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Dividends

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Companies pay dividends to shareholders in return for using their capital. Dividends are paid out of the company’s earnings after tax (EAT).

Dividends also help determine the value of a company’s shares. They signal to shareholders that the business is earning enough to support growth and share a portion of the gains with its owners. This promotes shareholder confidence in the management team.

In an incorporated company, dividends must be approved and declared by the board of directors. Shareholders are paid according to how many shares they own.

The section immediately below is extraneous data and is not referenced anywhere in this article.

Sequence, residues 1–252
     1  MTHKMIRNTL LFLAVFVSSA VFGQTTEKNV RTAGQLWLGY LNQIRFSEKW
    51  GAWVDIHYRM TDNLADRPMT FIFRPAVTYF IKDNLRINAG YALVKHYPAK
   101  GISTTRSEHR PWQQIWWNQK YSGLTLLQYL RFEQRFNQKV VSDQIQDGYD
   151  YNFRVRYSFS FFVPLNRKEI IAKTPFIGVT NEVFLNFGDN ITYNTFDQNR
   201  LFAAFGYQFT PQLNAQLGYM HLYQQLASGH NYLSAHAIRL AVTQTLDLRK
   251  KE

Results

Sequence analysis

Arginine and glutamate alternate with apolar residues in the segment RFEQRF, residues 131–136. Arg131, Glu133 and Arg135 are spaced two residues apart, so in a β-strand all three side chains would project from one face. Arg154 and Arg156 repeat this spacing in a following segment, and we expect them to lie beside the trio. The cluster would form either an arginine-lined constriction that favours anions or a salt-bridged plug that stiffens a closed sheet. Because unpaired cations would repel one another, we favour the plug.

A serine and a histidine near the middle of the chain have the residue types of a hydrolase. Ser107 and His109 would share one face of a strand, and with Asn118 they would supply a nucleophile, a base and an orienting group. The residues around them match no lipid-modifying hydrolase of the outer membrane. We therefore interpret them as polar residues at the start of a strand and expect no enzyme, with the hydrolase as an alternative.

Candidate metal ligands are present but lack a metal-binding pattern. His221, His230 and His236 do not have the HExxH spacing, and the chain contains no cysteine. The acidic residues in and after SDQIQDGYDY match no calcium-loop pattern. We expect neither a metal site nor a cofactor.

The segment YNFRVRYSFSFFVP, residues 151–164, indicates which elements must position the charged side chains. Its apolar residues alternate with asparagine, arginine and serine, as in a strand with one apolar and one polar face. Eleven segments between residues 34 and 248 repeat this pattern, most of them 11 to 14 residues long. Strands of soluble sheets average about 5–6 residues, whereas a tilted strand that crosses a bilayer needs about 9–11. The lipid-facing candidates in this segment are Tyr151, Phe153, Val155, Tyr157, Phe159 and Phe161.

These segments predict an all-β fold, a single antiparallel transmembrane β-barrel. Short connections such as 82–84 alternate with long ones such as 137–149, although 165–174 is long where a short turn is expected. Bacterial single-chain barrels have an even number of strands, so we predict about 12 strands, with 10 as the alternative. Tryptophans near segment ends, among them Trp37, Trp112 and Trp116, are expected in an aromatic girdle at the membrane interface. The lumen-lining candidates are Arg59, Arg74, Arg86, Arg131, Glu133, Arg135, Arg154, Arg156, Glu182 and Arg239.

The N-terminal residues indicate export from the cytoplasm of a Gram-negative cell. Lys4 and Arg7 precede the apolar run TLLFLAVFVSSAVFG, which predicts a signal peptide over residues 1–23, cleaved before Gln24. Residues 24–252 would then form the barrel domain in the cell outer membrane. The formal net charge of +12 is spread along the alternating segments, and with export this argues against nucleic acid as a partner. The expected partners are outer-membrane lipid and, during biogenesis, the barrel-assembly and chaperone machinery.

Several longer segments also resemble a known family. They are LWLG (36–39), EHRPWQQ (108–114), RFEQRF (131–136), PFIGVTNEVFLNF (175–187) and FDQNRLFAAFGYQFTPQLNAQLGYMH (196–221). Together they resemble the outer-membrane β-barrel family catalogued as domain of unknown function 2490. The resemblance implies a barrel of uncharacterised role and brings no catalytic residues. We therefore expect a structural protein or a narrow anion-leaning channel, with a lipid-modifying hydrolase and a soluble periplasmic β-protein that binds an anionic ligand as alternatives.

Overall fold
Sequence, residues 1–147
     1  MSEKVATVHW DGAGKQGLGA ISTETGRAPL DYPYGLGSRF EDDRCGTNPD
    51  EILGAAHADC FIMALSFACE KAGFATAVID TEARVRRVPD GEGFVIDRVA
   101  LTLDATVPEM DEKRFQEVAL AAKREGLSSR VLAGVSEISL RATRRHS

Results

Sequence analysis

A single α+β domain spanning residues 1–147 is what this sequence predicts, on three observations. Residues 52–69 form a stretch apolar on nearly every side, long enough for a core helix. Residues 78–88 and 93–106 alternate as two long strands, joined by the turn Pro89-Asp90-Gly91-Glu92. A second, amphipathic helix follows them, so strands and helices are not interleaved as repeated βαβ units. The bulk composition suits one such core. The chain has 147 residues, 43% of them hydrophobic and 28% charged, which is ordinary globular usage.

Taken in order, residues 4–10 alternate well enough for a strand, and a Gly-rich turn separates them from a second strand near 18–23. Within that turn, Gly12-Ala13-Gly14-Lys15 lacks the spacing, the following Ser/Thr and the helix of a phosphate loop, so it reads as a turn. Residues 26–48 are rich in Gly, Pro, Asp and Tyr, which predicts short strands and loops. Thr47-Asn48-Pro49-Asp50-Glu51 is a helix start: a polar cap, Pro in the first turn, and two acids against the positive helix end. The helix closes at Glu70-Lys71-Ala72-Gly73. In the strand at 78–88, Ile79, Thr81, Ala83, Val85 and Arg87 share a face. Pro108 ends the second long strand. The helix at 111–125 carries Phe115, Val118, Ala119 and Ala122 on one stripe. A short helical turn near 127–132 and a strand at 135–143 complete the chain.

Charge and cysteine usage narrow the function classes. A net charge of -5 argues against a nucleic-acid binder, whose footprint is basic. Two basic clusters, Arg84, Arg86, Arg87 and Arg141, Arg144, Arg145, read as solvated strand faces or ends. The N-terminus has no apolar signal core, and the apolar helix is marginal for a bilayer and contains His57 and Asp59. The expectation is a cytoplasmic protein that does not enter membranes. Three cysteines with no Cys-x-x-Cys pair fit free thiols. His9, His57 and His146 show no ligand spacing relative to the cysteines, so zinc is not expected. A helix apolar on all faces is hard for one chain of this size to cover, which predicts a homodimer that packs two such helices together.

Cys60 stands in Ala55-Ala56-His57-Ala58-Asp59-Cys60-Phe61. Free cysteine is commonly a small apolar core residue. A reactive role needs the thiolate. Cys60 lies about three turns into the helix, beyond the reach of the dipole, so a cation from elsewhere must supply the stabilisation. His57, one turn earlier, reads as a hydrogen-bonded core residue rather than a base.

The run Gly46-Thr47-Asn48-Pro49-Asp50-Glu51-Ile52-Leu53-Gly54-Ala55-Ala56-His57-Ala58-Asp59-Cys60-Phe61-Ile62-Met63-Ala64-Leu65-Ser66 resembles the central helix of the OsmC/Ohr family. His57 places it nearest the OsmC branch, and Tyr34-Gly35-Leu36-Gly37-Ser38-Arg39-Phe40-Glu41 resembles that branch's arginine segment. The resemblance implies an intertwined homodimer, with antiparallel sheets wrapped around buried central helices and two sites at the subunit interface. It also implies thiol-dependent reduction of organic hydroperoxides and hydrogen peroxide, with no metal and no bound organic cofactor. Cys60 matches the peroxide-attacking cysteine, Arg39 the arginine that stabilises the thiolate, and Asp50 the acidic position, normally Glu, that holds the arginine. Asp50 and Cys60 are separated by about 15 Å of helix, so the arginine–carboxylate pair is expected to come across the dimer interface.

Any earnings after tax that are not paid out as dividends are added to the retained earnings account on the balance sheet and can be used for ongoing operations or investment.

More about dividends

The income statement below shows how ABC Co. calculated its dividends for the period ending March 31, 2012. Out of $20,000 in earnings after tax (EAT), the company pays $10,000 to shareholders as dividends (at a dividend payout ratio of 50%). It keeps the remaining $10,000 as retained earnings.

Related definitions

Find out more in our glossary

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